The nymph led her son to the prophet’s cave and concealed him among the recesses of the rocks, while she herself took her place behind the clouds. When noon came and the hour when men and herds retreat from the glaring sun to indulge in quiet slumber, Proteus issued from the water, followed by his herd of sea-calves which spread themselves along the shore. He sat on the rock and counted his herd; then stretched himself on the floor of the cave and went to sleep. Aristæus hardly allowed him to get fairly asleep before he fixed the fetters on him and shouted aloud. Proteus, waking and finding himself captured, immediately resorted to his arts, becoming first a fire, then a flood, then a horrible wild beast, in rapid succession. But finding all would not do, he at last resumed his own form and addressed the youth in angry accents: “Who are you, bold youth, who thus invade my abode, and what do you want of me?” Aristæus replied, “Proteus, you know already, for it is needless for any one to attempt to deceive you. And do you also cease your efforts to elude me. I am led hither by divine assistance, to know from you the cause of my misfortune and how to remedy it.” At these words the prophet, fixing on him his gray eyes with a piercing look, thus spoke: “You receive the merited reward of your deeds, by which Eurydice met her death, for in flying from you she trod upon a serpent, of whose bite she died. To avenge her death, the nymphs, her companions, have sent this destruction to your bees. You have to appease their anger, and thus it must be done: Select four bulls, of perfect form and size, and four cows of equal beauty, build four altars to the nymphs, and sacrifice the animals, leaving their carcasses in the leafy grove. To Orpheus and Eurydice you shall pay such funeral honors as may allay their resentment. Returning after nine days, you will examine the bodies of the cattle slain and see what will befall.” Aristæus faithfully obeyed these directions. He sacrificed the cattle, he left their bodies in the grove, he offered funeral honors to the shades of Orpheus and Eurydice; then returning on the ninth day he examined the bodies of the animals, and, wonderful to relate! a swarm of bees had taken possession of one of the carcasses and were pursuing their labors there as in a hive.   3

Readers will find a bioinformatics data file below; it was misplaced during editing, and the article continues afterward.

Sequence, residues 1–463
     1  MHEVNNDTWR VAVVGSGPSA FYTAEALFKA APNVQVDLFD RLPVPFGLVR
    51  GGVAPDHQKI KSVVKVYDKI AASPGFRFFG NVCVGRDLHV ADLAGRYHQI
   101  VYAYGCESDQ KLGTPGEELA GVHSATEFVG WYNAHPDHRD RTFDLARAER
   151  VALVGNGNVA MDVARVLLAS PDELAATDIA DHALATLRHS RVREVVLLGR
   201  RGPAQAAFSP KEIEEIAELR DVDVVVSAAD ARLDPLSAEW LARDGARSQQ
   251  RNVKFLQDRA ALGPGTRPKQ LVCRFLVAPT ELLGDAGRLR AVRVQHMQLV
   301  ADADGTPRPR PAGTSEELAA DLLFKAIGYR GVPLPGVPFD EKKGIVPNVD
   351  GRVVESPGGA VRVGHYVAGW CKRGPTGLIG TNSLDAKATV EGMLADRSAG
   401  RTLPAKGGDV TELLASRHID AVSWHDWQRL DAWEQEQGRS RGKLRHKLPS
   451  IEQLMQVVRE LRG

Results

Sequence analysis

In “The Task,” Cowper alludes to the story of Aristæus, when speaking of the ice-palace built by the Empress Anne of Russia. He has been describing the fantastic forms which ice assumes in connection with waterfalls, etc.:
        “Less worthy of applause though more admired
Because a novelty, the work of man,
Imperial mistress of the fur-clad Russ,
Thy most magnificent and mighty freak,
The wonder of the north. No forest fell
When thou wouldst build, no quarry sent its stores
T’ enrich thy walls; but thou didst hew the floods
And make thy marble of the glassy wave.
In such a palace Aristæus found
Cyrene, when he bore the plaintive tale
Of his lost bees to her maternal ear.”
   4
  Milton also appears to have had Cyrene and her domestic scene in his mind when he describes to us Sabrina, the nymph of the river Severn, in the Guardian-spirit’s Song in “Comus”:   5
  
                  “Sabrina fair!   6
  
  •     Listen where thou art sitting
  •    7
      
  • Under the glassy, cool, translucent wave
  •    8
      
  •     In twisted braids of lilies knitting
  •    9
      
  • The loose train of thy amber-dropping hair;
  •   10
      
  •     Listen for dear honor’s sake,
  •   11
      
  •     Goddess of the silver lake!
  •   12
      
  •           Listen and save.”
  •   13